Friday, July 08, 2011

On-Camera Flash And Small White Room

Last week I had a chance to participate in an open photo shoot organized by Terry Jorgensen at The Bulb Studios. It was my first time to shoot in a studio with those big mono lights with their big soft boxes. The first shot I took with those big lights made me drool over them and makes me wanna get myself some of those lights too. I will someday.

Okay let's get back to the title of this post before I get carried away with those big lights introduction. What I really wanted to share and concentrate on was my favorite shots that I was able to take outside of the studio, actually it still inside the studio but away from the big lights -- the reception area of the studio. The reception area that was about, maybe 10 feet by 30 feet with a ceiling height of about 10 feet also. What was great about the reception area was it's painted white all over -- the walls, floor, and ceiling. One more thing, the entrance to this area was a glass door that allowed lots of light to enter into the room.

Model: Cathy Frey
The photo above was shot in the reception area. The reception door is on my left (model's right) side. I had my speedlite on my camera and from what I've learned, direct on-camera flash isn't really flattering at all. I have been practicing how to bounce flash with on-camera flash and I believe this is one big accomplishment for the little speedlite. I bounced my flash towards my back angled up about 45 degrees. This filled up the room with light scattering all about and bouncing all around the walls and ceiling and floor and created this big soft light source. As a result of this, the shadows behind the model and the motorcycle was almost eliminated and created a wrap around light on the subjects. As I didn't have much experience with big studio lights but have ample experience on bounce flash, I was able to get this awesome shot! Below is another shot on the same setting.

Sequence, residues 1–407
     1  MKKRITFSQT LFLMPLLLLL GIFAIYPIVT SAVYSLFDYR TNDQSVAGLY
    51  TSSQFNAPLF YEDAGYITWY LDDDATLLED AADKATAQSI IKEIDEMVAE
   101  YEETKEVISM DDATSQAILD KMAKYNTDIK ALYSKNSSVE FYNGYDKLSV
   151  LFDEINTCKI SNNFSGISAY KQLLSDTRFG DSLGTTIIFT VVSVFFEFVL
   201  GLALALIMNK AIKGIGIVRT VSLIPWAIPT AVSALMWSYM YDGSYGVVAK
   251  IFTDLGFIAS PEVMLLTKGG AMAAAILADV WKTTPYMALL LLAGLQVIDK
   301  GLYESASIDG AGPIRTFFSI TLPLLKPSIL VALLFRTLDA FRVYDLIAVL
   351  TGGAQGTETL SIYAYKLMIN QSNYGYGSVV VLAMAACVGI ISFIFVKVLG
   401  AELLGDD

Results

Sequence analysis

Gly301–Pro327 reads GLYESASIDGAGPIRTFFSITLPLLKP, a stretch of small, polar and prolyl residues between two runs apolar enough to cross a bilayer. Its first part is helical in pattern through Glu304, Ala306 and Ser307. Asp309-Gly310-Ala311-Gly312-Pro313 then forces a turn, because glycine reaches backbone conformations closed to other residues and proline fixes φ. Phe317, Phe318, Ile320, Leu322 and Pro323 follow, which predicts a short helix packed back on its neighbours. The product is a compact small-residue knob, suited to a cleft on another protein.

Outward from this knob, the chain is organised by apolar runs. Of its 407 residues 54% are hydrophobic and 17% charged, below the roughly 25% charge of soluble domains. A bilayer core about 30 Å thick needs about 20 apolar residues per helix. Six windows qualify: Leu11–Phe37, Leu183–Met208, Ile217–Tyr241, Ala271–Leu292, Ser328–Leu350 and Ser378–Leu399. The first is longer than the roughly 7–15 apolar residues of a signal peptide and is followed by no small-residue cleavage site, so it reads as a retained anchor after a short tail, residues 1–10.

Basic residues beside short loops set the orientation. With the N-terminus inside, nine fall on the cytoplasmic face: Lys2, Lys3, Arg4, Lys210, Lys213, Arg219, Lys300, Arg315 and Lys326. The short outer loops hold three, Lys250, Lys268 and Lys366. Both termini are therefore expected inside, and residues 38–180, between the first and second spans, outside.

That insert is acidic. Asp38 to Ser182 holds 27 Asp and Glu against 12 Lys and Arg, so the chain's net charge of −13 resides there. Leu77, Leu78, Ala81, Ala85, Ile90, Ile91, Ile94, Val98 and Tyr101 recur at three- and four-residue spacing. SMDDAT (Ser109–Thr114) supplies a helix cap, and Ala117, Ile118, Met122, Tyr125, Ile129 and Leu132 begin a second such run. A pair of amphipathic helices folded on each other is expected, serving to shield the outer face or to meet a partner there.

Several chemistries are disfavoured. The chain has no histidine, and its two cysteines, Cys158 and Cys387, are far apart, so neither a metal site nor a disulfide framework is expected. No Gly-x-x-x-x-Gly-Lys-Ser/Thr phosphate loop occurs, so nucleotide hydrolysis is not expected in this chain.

Model: Cathy Frey
At the opposite end of the studio entrance was the reception desk and it had a stair case on it's right side still painted white. Again, I was able to use it as my "own" small studio with only having my speedlite as the light source. I applied the same technique as I have done above but tweaked the angle of the flash.

Model: Stephanie Gaña

In the photo above, I believe the flash was toward my back-right hand side. On the next photo, the flash was on the opposite side as the model change positions, I had to adjust the direction of the flash. If I didn't change the direction of the flash, I would've lit the model's hair instead of her face.

Model: Stephanie Gaña
I was able to make good use of the white walls and on-camera flash using bounce flash techniques. I have to thank Neil van Niekerk for his tutorials on flash photography techniques. I did quite learn a lot from his blog on the use of on-camera flash bounce.

The rest of my photos from this photo shoot session can be seen here: Heroes & Villains Open Photo Shoot by Terry Jorgensen.

Again, thanks Terry for the spot and opportunity.

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